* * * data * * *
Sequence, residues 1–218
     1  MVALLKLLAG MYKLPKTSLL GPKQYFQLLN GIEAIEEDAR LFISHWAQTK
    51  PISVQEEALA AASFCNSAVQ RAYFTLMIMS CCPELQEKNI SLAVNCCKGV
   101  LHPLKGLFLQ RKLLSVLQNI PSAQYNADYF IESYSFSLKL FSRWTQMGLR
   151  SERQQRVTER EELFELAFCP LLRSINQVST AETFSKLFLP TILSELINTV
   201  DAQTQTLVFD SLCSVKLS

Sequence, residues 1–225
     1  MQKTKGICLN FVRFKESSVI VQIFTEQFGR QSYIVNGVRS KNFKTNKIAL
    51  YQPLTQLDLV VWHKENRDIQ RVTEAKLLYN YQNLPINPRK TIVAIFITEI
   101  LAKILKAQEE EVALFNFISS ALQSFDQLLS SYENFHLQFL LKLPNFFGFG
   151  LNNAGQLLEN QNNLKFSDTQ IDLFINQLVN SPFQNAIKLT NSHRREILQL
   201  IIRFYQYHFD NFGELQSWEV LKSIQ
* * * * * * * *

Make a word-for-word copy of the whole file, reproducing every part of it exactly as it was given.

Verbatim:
Sequence, residues 1–218
     1  MVALLKLLAG MYKLPKTSLL GPKQYFQLLN GIEAIEEDAR LFISHWAQTK
    51  PISVQEEALA AASFCNSAVQ RAYFTLMIMS CCPELQEKNI SLAVNCCKGV
   101  LHPLKGLFLQ RKLLSVLQNI PSAQYNADYF IESYSFSLKL FSRWTQMGLR
   151  SERQQRVTER EELFELAFCP LLRSINQVST AETFSKLFLP TILSELINTV
   201  DAQTQTLVFD SLCSVKLS

Sequence, residues 1–225
     1  MQKTKGICLN FVRFKESSVI VQIFTEQFGR QSYIVNGVRS KNFKTNKIAL
    51  YQPLTQLDLV VWHKENRDIQ RVTEAKLLYN YQNLPINPRK TIVAIFITEI
   101  LAKILKAQEE EVALFNFISS ALQSFDQLLS SYENFHLQFL LKLPNFFGFG
   151  LNNAGQLLEN QNNLKFSDTQ IDLFINQLVN SPFQNAIKLT NSHRREILQL
   201  IIRFYQYHFD NFGELQSWEV LKSIQ